| With a hectic Devil Makes Three touring schedule and a new studio record to promote, one might wonder how Pete Bernhard, the primary songwriter and lead singer of The Devil Makes Three has found the time to write solo material, assemble a band, and self-produce a record. Well, he has done it, and from it has come an exciting record that is full of a variety of genres, influences, instruments, melodies and emotion topped off with his unmistakable voice – a defining element of The Devil Makes Three. |
On his second solo album, Straight Line (his first solo commercial release), Pete lays down a set of his more driving numbers. He focuses on songs that he felt needed drums and weren’t suited for the all-acoustic old-country/blues/punk outfit The Devil Makes Three. His solo set has a no-holds- barred feel about it and lyrical fearlessness that one only finds in the truly liberated – feeling no pressure of fitting into a mold. There’s folk, funky New Orleans soul, blues, rock and other genres craft fully melded into a seamless and natural combination that is, like The Devil Makes Three, extremely difficult to place into a single genre. This may be the biggest similarity to Pete’s primary band – the music crosses many boundaries. You feel it, you relate to it, it’s like an old friend you’ve never met before. You have no idea what it is or what to call it.
Pete’s lyrics are thoughtful and inquisitive, often with painted with his well-known sarcasm and irony. He questions the status quo frequently, most notably on his song “Orphan”. Would you rather be an orphan or a slave? Some might go through their entire lives obliviously, never asking or answering a question like this but Pete has no interest in shirking life’s tougher dilemmas. “I got to thinking how everyone has some idea about how you should be and what you should and shouldn’t say. Trying to pay attention to all that can be demanding. It’s about how people are never satisfied,” he explained. “Pray For Rain” shines a spotlight on the mindless, sheep-like mentality of those who worship at the altar of consumerism. Straight Line is almost exclusively original compositions, with one cover, “Mr. Mudd and Mr. Gold” from the great Townes Van Zandt. He reinvents the folk classic with wailing B3 organ and arrangements that bring to mind the best of The Band.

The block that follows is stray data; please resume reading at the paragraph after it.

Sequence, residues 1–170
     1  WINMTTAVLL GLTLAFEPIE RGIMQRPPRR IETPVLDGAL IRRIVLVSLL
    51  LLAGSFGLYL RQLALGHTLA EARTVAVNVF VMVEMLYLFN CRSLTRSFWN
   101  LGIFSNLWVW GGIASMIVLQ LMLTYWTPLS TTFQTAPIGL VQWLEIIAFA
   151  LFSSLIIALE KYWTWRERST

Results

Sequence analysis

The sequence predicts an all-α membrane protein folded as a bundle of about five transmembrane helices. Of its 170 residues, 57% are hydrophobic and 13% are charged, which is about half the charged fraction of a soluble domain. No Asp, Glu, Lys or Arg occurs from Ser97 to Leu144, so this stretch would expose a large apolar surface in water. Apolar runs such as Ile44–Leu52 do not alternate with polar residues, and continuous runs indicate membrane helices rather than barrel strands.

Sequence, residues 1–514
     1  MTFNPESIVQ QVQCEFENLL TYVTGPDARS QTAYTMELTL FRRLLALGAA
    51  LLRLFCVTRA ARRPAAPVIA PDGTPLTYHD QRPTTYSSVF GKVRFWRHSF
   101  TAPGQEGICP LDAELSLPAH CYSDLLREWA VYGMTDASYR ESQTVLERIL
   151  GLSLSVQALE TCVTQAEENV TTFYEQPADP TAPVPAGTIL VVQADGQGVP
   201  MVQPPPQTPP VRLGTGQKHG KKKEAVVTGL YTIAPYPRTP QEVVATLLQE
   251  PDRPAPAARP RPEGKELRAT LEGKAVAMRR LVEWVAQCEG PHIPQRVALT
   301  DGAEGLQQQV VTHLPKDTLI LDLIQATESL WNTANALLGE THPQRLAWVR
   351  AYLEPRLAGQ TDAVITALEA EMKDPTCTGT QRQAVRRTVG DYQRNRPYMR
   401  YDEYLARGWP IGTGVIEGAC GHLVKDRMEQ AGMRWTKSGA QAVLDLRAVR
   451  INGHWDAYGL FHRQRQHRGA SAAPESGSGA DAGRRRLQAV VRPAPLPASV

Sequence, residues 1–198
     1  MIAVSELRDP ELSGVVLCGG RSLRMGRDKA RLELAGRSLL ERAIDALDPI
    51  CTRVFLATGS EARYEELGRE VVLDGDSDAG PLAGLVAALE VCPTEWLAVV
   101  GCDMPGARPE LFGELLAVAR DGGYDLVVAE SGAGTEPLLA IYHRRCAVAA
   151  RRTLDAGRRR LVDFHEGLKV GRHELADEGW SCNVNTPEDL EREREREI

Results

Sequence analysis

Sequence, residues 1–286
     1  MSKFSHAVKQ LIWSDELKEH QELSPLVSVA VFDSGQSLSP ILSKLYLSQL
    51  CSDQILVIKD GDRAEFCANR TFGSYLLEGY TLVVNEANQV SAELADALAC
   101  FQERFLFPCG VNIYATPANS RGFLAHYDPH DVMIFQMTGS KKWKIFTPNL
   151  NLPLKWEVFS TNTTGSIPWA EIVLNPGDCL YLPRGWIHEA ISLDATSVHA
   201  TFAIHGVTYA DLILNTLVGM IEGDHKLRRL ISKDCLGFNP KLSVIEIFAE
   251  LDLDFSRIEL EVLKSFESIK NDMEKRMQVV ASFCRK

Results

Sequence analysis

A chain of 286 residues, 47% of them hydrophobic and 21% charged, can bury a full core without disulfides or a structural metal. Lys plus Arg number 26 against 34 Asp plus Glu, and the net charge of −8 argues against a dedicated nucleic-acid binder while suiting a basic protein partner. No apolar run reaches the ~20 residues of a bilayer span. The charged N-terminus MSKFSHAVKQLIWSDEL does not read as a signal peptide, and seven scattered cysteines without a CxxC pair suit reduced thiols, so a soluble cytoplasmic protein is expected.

Pete hails from a small, liberal community in Vermont with a family rife with musicians. His father played guitar and wrote songs, his brother attended Berklee School of Music and plays guitar and an aunt who was a folk musician. Immersed in music, he was drawn to older, traditional blues from a young age, and also studied the style and aesthetics of music traditions like New Orleans R&B and country while simultaneously getting caught up in punk rock. He headed west as a young man, first to Nashville, then on to Washington State, where he formed a band with a childhood friend and hit the road. When they broke down one day in Santa Cruz, California, they stayed with a fellow Vermonter who was in school – The Devil Makes Three was born.
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